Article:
A small amount of raw apple cider vinegar in the waterer every few days provides a natural probiotic option for the flock. Natural probiotics help boost the digestive track, building the immunity of the bird.
How to Feed Coturnix Quail
What to feed Coturnix quails is vital to sustain their growth. A high protein feed consisting of 30% protein will need to be offered up to 8 weeks of age. Gamebird Starter offers the right level of protein.
After 8 weeks the protein level can drop to around 18%.
- Scratch and Peck Naturally Free Grower contains 17% protein
- All Purpose Crumble contains 19% protein
Quail can be fed free choice, but make sure chick grit is offered as well. The crop will need assistance in breaking down foods such as whole grains, fruits, vegetables, and grass clippings.
Raising Coturnix Quail for Meat and Eggs
Technically, quail are classified as a white meat product. However, the coloring of the flesh is red. And once cooked the meat becomes dark, which is characteristic of a red meat option. The flavor is mildly gamy and quite pleasant once cooked.
Because quail (especially Coturnix) are prolific layers one has to be creative on how to utilize the plethora of eggs received. Keeping a manageable flock of quail will minimize the amount of eggs received. However, quail eggs tend to not go to waste.
Though Coturnix quail are prolific layers they are also seasonal layers. Meaning, their bodies produce eggs based on the amount of daylight in a day. Quail which are offered supplemental light a few hours a day will continue to produce eggs throughout the year.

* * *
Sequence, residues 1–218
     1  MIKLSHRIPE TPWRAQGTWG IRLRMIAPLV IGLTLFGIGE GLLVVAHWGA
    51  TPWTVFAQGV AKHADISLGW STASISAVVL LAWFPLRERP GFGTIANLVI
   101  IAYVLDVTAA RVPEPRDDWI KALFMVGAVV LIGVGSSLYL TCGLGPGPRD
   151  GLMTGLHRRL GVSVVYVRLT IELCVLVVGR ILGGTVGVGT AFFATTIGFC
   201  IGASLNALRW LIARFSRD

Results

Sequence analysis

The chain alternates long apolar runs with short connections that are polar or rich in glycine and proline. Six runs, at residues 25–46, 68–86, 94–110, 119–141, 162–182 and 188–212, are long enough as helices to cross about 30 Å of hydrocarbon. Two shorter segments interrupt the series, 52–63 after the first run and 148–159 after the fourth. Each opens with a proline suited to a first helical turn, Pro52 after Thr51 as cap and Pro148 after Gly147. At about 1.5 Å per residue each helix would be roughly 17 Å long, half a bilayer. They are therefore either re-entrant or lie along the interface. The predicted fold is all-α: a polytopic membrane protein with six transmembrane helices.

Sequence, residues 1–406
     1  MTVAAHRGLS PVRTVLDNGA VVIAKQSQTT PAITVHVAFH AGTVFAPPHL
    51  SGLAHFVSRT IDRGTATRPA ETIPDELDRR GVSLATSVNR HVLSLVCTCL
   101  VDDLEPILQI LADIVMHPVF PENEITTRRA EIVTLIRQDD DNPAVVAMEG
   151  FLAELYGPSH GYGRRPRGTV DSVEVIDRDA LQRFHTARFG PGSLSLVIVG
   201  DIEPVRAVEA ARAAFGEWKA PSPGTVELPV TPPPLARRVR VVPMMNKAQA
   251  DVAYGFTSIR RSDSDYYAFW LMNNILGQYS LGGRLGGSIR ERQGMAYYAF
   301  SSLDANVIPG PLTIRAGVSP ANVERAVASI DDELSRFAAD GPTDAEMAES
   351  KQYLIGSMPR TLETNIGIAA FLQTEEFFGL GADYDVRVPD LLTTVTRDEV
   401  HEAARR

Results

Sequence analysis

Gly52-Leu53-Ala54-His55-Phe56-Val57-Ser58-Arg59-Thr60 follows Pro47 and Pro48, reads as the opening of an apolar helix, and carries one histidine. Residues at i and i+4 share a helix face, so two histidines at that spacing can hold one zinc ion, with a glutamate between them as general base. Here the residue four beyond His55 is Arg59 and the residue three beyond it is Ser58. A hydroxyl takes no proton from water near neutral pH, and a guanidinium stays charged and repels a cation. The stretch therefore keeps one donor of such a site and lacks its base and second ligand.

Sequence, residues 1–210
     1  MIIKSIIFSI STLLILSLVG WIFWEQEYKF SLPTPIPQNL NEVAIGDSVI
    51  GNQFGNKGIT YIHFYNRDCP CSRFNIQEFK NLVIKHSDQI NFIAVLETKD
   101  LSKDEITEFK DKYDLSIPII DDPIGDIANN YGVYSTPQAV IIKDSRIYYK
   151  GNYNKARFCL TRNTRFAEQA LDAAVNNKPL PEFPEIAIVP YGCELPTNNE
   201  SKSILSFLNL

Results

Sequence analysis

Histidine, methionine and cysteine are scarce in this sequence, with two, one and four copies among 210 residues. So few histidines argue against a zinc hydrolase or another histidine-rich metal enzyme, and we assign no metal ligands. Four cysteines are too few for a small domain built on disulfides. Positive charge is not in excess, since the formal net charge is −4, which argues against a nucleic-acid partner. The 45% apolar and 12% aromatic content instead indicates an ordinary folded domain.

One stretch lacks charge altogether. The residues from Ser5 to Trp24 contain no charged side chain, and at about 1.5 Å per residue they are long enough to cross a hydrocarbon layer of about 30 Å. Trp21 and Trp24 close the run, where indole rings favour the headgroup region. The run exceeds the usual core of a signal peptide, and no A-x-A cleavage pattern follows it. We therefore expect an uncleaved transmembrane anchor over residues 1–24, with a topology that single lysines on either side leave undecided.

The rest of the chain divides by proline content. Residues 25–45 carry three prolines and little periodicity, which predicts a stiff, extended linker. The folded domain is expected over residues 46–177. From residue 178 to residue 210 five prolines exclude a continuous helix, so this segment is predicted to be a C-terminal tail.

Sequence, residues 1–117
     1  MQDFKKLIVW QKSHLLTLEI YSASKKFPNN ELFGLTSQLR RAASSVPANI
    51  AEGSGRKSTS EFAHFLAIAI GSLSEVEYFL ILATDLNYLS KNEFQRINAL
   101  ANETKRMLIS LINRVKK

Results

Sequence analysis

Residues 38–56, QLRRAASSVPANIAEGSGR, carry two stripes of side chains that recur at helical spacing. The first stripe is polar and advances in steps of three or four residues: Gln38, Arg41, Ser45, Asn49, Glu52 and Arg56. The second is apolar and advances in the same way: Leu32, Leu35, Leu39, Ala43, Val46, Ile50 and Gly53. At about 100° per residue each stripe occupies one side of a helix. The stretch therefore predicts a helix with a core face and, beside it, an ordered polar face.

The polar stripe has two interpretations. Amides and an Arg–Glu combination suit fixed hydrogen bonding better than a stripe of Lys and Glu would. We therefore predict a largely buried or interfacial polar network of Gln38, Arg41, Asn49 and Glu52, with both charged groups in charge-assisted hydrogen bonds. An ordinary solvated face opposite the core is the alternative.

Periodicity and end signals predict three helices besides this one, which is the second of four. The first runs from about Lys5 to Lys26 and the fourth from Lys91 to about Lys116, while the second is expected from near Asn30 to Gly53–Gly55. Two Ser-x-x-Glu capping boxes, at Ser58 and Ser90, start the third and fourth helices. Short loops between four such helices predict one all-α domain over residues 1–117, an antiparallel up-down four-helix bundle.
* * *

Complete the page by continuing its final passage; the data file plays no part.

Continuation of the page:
What can be done with quail eggs?
- Incubate fertilized eggs for meat production
- Steam eggs for a quick protein snack
- Pickle eggs to be used for snacking or in salads
- Additional recipes using quail eggs
It is said that quail eggs are healthier to consume than any other type of poultry eggs. They are high in antioxidants, magnesium, and B6. Quail eggs are also said to help soothe conditions such as discomfort caused from kidney issues, ulcers and the digestive tract.
Raising quail for the purpose of meat consumption is extremely easy to achieve, and they can be a sustainable meat source. Much like the Cornish Cross or Rolin S broiler chicken breeds, quail can be butchered as early as 7-8 weeks of age.
Many choose to pluck, whereas other will skin the bird. In truth, skinning quail is much easier than plucking or using a plucker to remove feathers. And pleasantly enough, depending on how they are prepared, the meat does not dry out when the quail has been skinned.
Unlike poultry, domesticated quail are not prone to becoming broody to hatch their eggs. Raising Coturnix quail for a steady flow of meat and egg production falls on the keeper and of a good still air incubator, like the Brinsea Ovation.
Eggs can be collected 7 days in advance for incubation. Store eggs around 60 degrees Fahrenheit (15 degrees Celsius) until the desired eggs have been collected. Luckily, fertilized eggs will hatch between 17-19 days making raising quail for meat a quick and seamless process.
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Setting up a Brooder
Quail chicks require the same brooder accommodations as poultry chicks, though there are a few minor adjustments that will need to be made. The little chicks can be kept in brooder large enough to house them until harvesting time.
Appropriate heat must be provided until they are fully feathered. A EcoGlow hot plate is the safest option to use as a heat source. Again, this item can be purchased through Brinsea. However, if a heat lamp is used the beginning temperature in the brooder must be 95 degrees Fahrenheit for the first week. Reduce the heat weekly until the brooder temperature matches the temperature of where the quail will be housed.
Because of their tiny size they can drown easily. Adding small rocks to the base of the waterer will help prevent any issues.
Quail grow quickly, and in order to support their growth a high protein feed will need to be offered once they have been moved to the grow-out brooder.